"They with the prince sent a messenger to the king, who was on a little windmill hill.
Then the knight said to the king: 'Sir, the earl of Warwick and the earl of Oxford, Sir Raynold Cobham and other, such as be about the prince, your son, are fiercely fought withal and are sore handled; wherefore they desire you that you and your battle will come and aid them; for if the Frenchmen increase, as they doubt they will, your son and they shall have much ado.'
Then the king said: 'Is my son dead or hurt or on the earth felled?'
'No, sir,' quoth the knight, 'but he is hardly matched; wherefore he hath need of your aid.'
'Well" said the king, 'return to him and to them that sent you hither, and say to them that they send no more to me for any adventure that falleth, as long as my son is alive: and also say to them that they suffer him this day to win his spurs; for if God be pleased, I will this journey be his and the honour thereof, and to them that be about him.'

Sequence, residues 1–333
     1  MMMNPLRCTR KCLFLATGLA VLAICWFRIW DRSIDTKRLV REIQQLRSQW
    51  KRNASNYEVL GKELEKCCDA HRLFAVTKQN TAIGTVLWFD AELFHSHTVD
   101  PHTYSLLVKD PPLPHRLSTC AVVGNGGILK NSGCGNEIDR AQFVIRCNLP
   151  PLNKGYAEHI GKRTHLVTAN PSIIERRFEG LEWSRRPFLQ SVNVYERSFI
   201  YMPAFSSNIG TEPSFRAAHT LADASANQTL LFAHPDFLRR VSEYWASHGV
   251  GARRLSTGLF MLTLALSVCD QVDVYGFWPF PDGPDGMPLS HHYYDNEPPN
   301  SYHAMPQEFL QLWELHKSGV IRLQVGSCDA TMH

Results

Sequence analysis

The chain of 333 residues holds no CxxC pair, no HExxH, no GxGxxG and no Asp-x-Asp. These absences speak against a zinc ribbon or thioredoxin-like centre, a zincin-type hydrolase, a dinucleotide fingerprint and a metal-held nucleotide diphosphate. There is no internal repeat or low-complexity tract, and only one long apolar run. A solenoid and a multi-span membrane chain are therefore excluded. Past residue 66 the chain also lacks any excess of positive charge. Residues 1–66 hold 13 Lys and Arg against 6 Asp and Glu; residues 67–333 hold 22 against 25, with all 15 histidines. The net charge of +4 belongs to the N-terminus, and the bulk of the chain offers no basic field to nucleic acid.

Then the knight returned again to them and shewed the king's words, the which greatly encouraged them."
-Quoted from Froissart's chronicle of the legendary episode during the
Battle of Crecy in 1346. Such was the response of King Edward III to
his son Prince Edward's (the Black Prince)
plight while being hard pressed in the battle. Good chest thumping, warlike, manly stuff that has served to bolster the fighting English spirit in the nearly 700 years since.
I quote this recounting here because the sword pictured is my reworking of the Albion Crecy, named after this most celebrated English victory in the Hundred Years War.
On a related note, see my photo of the Black Prince's funeral achievments that hung above his tomb in Canterbury Cathedral at: www.flickr.com/photos/8765199@N07/2281761284/in/set-72157...
The Victorian equestrian statue of him in the city of Leeds: www.flickr.com/photos/8765199@N07/2281760526/in/set-72157...